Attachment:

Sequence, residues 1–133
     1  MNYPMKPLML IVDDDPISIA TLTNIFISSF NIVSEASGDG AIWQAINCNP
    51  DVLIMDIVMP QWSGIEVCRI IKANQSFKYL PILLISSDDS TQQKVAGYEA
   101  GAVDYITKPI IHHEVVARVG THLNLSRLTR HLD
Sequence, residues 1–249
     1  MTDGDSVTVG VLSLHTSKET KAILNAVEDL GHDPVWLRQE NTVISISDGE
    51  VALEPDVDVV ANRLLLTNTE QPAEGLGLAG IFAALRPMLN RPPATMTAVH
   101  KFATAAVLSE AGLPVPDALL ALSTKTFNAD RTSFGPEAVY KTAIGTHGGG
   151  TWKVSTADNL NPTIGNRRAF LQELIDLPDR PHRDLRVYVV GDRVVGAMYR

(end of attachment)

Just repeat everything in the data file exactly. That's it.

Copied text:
Sequence, residues 1–133
     1  MNYPMKPLML IVDDDPISIA TLTNIFISSF NIVSEASGDG AIWQAINCNP
    51  DVLIMDIVMP QWSGIEVCRI IKANQSFKYL PILLISSDDS TQQKVAGYEA
   101  GAVDYITKPI IHHEVVARVG THLNLSRLTR HLD
Sequence, residues 1–249
     1  MTDGDSVTVG VLSLHTSKET KAILNAVEDL GHDPVWLRQE NTVISISDGE
    51  VALEPDVDVV ANRLLLTNTE QPAEGLGLAG IFAALRPMLN RPPATMTAVH
   101  KFATAAVLSE AGLPVPDALL ALSTKTFNAD RTSFGPEAVY KTAIGTHGGG
   151  TWKVSTADNL NPTIGNRRAF LQELIDLPDR PHRDLRVYVV GDRVVGAMYR